In different circumstances, all bets would already be off. Antonio Conte’s side have grown in stature and confidence during a fearsomely impressive 11-game winning streak that has moved them six points clear at the head of the table, while history shows that on the four previous occasions they have topped the Premier League table at Christmas, they have gone on to win the title.
But doubts still remain about the depth of Conte’s squad — a squad that proved so fragile last season — and in particular its lack of cover for Diego Costa and N’Golo Kante.
Both players are suspended for Monday’s meeting with Bournemouth when Michy Batshuayi will be given the chance to show he can deputise for the prolific Costa.
If the Belgian, who has yet to start a league game, fails to impress, the importance of Costa maintaining his fitness and discipline will become even more of an issue for Conte.
The 22-year-old arrived at the Etihad last summer with a £50 million price tag, the future of the England national team’s defence resting on his shoulders and the consensus that, in Pep Guardiola, he was under the perfect coach to transform him into a modern-day hybrid of Bobby Moore, Franz Beckenbauer and Gerard Pique. Four months on and the experiment has been a failure so far.
Guardiola’s insistence that Stones play the ball out of defence at every available opportunity — and some non-available opportunities — has led to a catalogue of errors and an obvious drop in the player’s confidence. While Guardiola’s manic, touchline micro- management often sees the coach screaming, shouting and gesturing at the defender in full public view.
The defensive implosion in a 4-2 defeat at Leicester at the start of the month was the final straw for Guardiola who dropped Stones for the next two games.
Pep’s “play from the back regardless” approach has already cost England goalkeeper Joe Hart his career at the Etihad. What the future holds for Stones at City may become more obvious over the next week.
Wayne Rooney’s goal production has not so much diminished as fallen off a precipice under new manager Jose Mourinho, with the striker’s one and only, league goal coming on the opening day of the season at Bournemouth.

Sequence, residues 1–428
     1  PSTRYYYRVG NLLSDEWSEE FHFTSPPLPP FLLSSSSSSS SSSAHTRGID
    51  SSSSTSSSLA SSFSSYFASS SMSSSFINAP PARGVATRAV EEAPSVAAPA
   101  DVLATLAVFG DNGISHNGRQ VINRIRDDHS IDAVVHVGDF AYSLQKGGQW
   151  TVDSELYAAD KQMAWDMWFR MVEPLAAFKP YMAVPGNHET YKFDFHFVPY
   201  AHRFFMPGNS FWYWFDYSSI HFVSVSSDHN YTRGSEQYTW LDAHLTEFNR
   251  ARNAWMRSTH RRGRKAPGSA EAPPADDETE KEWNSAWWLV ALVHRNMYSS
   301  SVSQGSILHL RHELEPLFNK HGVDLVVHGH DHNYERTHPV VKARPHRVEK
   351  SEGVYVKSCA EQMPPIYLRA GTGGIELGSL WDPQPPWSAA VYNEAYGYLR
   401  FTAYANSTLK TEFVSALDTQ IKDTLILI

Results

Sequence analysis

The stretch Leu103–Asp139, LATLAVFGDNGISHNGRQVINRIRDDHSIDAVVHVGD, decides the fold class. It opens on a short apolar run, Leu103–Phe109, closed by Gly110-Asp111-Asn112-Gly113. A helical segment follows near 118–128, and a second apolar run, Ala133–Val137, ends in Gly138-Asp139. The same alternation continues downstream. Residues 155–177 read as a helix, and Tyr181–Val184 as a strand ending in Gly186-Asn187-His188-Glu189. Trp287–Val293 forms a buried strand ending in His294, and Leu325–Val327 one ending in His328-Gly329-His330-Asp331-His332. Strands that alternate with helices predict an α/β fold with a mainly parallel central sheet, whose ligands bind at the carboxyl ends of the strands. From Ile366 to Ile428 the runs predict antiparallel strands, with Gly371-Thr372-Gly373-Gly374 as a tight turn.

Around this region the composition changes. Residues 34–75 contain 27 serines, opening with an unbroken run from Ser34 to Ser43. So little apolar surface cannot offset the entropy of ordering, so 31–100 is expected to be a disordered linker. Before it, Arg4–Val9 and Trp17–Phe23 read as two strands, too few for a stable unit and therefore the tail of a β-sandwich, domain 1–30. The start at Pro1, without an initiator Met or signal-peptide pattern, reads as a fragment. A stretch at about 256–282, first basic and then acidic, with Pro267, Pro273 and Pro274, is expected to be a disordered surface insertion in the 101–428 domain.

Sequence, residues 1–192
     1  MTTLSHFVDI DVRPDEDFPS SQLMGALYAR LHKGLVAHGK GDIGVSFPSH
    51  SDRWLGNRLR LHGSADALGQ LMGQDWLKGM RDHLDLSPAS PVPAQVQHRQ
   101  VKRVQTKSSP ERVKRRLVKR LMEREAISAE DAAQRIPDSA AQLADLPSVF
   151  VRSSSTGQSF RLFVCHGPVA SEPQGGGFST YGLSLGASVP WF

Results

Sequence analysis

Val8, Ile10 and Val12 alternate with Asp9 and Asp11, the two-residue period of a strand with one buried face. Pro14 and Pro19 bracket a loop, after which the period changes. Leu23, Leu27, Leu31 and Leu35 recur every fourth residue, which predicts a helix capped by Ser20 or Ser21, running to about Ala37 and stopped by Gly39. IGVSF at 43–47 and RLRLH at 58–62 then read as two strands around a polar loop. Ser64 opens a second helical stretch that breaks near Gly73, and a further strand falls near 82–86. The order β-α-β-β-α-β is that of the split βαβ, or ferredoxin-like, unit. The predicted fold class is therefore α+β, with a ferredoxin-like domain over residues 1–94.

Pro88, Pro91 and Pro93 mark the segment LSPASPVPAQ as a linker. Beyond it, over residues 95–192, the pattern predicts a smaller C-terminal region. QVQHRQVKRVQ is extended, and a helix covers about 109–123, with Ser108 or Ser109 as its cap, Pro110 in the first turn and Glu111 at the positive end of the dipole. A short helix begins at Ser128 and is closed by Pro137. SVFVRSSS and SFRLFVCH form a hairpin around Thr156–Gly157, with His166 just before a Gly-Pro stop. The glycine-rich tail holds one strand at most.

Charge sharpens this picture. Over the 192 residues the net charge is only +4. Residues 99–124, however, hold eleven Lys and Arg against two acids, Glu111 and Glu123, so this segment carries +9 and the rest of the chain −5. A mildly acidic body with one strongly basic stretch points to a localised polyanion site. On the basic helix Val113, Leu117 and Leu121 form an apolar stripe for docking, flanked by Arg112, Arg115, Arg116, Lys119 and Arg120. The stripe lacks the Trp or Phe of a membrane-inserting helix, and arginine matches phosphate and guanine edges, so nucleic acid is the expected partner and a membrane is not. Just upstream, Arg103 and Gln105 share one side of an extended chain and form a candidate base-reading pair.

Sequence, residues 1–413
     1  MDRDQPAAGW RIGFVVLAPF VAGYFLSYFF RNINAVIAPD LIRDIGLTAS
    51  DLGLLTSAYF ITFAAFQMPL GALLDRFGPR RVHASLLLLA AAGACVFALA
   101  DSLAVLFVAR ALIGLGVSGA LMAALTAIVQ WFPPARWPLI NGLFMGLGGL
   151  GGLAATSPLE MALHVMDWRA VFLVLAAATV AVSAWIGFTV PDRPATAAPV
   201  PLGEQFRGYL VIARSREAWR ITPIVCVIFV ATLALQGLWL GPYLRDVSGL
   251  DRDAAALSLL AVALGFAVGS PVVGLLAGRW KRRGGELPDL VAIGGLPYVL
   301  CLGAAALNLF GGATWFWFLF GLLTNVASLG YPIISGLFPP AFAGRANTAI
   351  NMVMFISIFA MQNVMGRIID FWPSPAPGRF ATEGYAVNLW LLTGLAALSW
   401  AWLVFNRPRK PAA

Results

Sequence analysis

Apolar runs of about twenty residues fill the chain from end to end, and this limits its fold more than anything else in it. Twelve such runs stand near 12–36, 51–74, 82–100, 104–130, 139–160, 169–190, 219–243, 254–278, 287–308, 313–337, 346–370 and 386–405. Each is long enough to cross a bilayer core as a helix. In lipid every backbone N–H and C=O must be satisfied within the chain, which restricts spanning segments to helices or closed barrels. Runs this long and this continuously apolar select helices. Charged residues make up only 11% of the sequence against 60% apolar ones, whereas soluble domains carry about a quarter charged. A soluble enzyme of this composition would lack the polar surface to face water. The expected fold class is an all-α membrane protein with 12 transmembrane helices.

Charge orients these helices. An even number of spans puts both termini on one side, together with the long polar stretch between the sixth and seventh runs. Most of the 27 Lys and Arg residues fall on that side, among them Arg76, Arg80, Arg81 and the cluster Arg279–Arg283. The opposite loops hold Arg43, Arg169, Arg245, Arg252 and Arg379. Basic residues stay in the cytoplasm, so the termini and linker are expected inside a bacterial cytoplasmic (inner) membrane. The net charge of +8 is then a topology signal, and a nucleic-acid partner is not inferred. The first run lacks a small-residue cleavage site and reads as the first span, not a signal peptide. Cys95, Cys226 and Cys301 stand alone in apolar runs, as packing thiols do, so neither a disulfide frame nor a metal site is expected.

Still, it is worth remembering his body of work which has seen him score 248 career goals for the club, one less than the legendary Bobby Charlton and the 30-year-old has also started United’s last two games, the highly solid away victories at Crystal Palace and West Brom.
Home fixtures beckon against underwhelming north-east opponents Sunderland and Middlesbrough and, surely, Mourinho will have half an eye on the prospect of Rooney starting at least one of those and being handed the opportunity of equalling, even bettering, Charlton’s record in front of his own Old Trafford public.
Whether that offers Rooney any sort of future at United, and how United supporters will remember him, is an entirely different issue but, for now, an appointment with history beckons.
Publicly, Liverpool manager Jurgen Klopp has always said nice things about Daniel Sturridge. Privately, though, he is known to have reservations about the striker. Sturridge’s finishing skills are not in question; he’s arguably one of the best in the Premier League. However, he has shown little evidence thus far that he can adapt to Klopp’s pressing style.
When Sturridge has played and Klopp has encouraged him from the touchline, there’s always the sense the player is doing so through gritted teeth. Reluctant pressing is not in the German’s vocabulary, though.
Which is why the tireless Divock Origi has been preferred to Sturridge whenever Klopp has decided his forward line requires a striker. At 27, Sturridge is desperate to play regularly, and will not tolerate a bit-part role from the bench for long. The murmurings have been growing louder over the past couple of months.
If Klopp leaves Sturridge among the substitutes during such a hectic period of matches then the writing really will be on the wall for the England international.
Just two weeks ago, Arsene Wenger was happy to talk up his Arsenal side’s new-found resilience, describing a steely core that meant that this year, they had the strength to respond positively to adversity rather than wilt in the way they have on too many occasions in the past.
Then came defeats at Everton and Manchester City and the same old questions are being asked once again.
Overwhelmed in the face of their opponents’ physicality, Wenger’s side reverted to familiar type and looked anything but title contenders. Suddenly the club’s top credentials have come under scrutiny and with Alexis Sanchez and Mesut Ozil entering their final 18 months of their current deals — and Wenger himself out contract at the end of the season — this is no time for Arsenal to drop into the category of also-rans.
Holiday meetings with West Brom, Crystal Palace and Bournemouth provide the north London club with an opportunity to restate their case.